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The following article of mine was recently published in the July-Sept 2015 issue of Bibliotheca Sacra. It is a more academic treatment of my post: “Important or Impotent: How Many Sons Did Absalom Have?” posted last year on this blog. Both articles are based on the research from my book Family Portraits: Character Studies in 1 and 2 Samuel. This article is reprinted with the kind permission of Bibliotheca Sacra and Dallas Theological Seminary (© 2015 by Dallas Theological Seminary). Footnotes can be found following the article.



The apparent contradictory statements about Absalom’s sons, or lack thereof, in 2 Samuel 14:27 and 18:18 have puzzled readers and scholars. This article seeks a new solution by proposing that the author of these texts deliberately created this ambiguity in order to communicate an important message about Absalom. Through the use of apparent contradiction, inclusion, and point of view, the author skillfully linked these two passages. The message communicated is a surprising reversal of Absalom’s image who is pictured before his rebellion as someone important, but by the rebellion’s end is portrayed as impotent.

Anyone reading the account of Absalom’s rebellion found in 2 Samuel 13–20 is struck by the apparent contradiction between 2 Samuel 14:27, which states that Absalom had 3 sons and 1 daughter, and 2 Samuel 18:18, which states that he had no sons.[1] This article seeks a new solution to this problem by proposing that the author[2] of these texts deliberately created this ambiguity in order to communicate an important message about Absalom. The message conveyed is a surprising reversal of Absalom’s portrayal. He is pictured before his rebellion as someone important, but by the rebellion’s end is portrayed as impotent. The conflict in these two passages is really not about how many sons Absalom had (although it is this apparent contradiction that invites the reader to compare the texts), but the contrast between the image that Absalom projected and the reality of who he was.


            In recent history, two solutions for the apparent contradiction of 2 Samuel 14:27 and 18:18 have been proposed. Furthermore, scholars who propose one or the other of these solutions sometimes take different paths in arriving at their conclusions. The first solution, proposed by some literary critics, is that the two passages are from different sources (i.e., different authorial hands) and are therefore contradictory. For example, speaking of 2 Samuel 18:18, McCarter writes, “This parenthesis is evidently a late redactional notice introduced to identify a monument well known in the time of the redactor who added it.”[3] Thus, McCarter follows the reasoning of some before him who see 2 Samuel 18:18 as an etiology about Absalom’s monument.[4] According to this explanation, it would appear the redactor was more concerned with explaining the continued existence of Absalom’s monument in his own day, than he was with contradicting the earlier passage in 2 Samuel 14:27. Such a proposal, although theoretically possible, makes this supposed redactor very clumsy and myopic indeed.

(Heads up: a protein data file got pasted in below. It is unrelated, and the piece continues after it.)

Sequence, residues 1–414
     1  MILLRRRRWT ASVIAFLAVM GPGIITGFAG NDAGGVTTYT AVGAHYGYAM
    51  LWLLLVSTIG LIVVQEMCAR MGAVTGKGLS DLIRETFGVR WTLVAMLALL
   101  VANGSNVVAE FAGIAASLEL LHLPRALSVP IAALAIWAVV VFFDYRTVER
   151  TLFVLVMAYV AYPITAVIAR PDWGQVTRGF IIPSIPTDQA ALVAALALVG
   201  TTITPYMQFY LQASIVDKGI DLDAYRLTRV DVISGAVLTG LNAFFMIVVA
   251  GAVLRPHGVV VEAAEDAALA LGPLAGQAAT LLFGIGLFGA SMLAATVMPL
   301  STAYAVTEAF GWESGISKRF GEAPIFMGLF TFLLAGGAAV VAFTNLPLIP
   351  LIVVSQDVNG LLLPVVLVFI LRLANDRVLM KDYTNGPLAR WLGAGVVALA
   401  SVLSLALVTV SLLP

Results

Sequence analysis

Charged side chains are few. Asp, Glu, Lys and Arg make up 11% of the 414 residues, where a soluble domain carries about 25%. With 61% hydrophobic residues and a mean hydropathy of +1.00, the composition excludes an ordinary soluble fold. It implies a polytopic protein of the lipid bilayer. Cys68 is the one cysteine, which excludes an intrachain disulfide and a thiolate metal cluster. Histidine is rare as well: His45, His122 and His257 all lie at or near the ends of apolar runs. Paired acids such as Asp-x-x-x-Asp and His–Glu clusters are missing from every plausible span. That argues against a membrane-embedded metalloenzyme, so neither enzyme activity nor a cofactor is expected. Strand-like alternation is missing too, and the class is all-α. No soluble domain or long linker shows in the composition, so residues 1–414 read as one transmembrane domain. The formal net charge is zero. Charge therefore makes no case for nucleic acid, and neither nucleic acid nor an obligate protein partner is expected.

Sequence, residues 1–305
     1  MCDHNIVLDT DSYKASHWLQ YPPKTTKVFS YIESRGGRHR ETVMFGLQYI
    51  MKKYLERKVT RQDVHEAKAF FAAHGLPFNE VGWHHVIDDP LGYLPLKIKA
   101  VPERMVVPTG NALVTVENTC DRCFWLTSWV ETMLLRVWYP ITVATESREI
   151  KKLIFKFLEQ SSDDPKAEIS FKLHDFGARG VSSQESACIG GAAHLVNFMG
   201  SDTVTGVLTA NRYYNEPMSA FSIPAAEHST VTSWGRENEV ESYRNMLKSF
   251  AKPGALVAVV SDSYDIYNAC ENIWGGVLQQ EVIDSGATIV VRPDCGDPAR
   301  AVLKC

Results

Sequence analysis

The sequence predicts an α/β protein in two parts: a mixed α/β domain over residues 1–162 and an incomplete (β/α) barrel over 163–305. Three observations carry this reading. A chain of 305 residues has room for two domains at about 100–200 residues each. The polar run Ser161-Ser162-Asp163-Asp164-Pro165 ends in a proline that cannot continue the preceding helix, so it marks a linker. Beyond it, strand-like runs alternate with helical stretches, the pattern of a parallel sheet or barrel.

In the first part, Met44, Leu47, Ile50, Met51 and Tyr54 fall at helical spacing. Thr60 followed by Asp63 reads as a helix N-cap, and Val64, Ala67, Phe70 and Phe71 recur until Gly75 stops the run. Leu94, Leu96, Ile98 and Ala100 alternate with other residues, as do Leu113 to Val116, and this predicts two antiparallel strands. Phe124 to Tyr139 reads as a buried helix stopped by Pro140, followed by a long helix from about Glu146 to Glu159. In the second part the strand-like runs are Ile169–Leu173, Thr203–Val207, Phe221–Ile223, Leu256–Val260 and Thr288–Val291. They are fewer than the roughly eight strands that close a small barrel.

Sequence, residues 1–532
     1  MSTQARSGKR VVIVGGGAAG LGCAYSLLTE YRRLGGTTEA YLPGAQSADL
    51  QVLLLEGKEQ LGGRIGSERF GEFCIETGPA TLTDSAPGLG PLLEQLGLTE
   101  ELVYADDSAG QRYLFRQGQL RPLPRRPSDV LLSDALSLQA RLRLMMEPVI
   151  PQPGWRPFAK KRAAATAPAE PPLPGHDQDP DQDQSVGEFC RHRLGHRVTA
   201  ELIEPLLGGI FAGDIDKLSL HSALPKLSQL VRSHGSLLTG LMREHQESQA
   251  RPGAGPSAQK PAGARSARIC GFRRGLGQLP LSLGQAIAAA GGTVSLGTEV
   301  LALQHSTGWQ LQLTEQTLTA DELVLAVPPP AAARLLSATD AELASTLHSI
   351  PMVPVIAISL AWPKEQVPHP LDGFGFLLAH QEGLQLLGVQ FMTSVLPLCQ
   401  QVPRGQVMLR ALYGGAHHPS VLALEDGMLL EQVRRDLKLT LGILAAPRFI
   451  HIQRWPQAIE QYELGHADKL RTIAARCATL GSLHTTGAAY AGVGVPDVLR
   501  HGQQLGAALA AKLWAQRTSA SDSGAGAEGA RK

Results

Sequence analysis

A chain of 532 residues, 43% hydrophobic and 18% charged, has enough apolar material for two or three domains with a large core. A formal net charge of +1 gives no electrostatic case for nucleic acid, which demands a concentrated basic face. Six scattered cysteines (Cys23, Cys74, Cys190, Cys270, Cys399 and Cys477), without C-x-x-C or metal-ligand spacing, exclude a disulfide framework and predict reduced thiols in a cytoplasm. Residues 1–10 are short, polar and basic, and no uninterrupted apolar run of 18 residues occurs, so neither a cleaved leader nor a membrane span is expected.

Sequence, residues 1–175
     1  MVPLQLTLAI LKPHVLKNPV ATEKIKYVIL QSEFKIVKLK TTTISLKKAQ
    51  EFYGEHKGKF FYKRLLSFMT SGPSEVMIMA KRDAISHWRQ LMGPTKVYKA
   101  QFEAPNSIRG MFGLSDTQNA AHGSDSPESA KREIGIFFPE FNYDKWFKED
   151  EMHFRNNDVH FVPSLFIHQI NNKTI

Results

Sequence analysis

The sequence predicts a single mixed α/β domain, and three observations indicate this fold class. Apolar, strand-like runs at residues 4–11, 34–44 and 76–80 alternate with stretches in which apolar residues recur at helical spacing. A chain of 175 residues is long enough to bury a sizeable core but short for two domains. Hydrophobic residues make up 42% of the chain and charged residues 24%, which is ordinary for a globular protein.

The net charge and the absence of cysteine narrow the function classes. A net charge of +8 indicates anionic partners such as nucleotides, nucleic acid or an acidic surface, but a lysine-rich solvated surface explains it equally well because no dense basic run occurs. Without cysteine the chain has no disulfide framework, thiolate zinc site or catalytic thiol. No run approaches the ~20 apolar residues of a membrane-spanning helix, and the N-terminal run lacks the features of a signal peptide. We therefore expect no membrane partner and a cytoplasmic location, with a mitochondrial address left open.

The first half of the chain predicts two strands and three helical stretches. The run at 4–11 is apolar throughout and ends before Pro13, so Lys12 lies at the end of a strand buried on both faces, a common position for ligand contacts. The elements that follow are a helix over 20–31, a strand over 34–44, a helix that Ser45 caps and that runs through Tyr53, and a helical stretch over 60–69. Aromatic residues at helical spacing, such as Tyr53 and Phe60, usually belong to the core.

Not all scholars sharing this viewpoint, however, agree that 14:27 has priority. Smith, for example, speaking of 18:18 states, “Of the two, this seems more likely to be original, as it is quite in place to explain why Absalom had a monument in the king’s dale” (italics his).[5] Mauchline seems to be of the same opinion when he states, “There is no doubt that this section 25–27 has no relevance where it stands and interrupts the course of the narrative. This and the fact that 27 in its statement concerning Absalom’s family is in contradiction to 18.18 has convinced many scholars that these verses belong to a source other than that to which the bulk of chs. 9–20 belong.”[6] This highlights an important problem with this hypothetical solution. Because the passages appear to contradict one another, these scholars assume that two different authorial hands must be at work.

      However, the fact that it is impossible to be sure that the texts were added by two different hands (evidenced by the confusion over which text has priority) leaves open the possibility that both passages come from the same hand. If there is a plausible explanation for considering both passages to be from the same authorial hand, then such an explanation should be considered superior to the “two hands” theory. A second problem with this solution is that it may prevent the interpreter from seeking an alternate explanation and wrestling with the two apparently contradictory texts. They can be chalked up to a redactor (or even two redactors) with conflicting data or a conflicting viewpoint. A third problem is that it proposes an irreconcilable contradiction in Scripture. Robert Alter states, “The two reports can be harmonized only with considerable strain, and it is best to view them as contradictory traditions incorporated in the final text.”[7] This is a surprising concession from Alter who helped pioneer the contemporary literary approach to the Bible with its emphasis on viewing the text as a whole and discovering the art of the bib­lical authors.[8]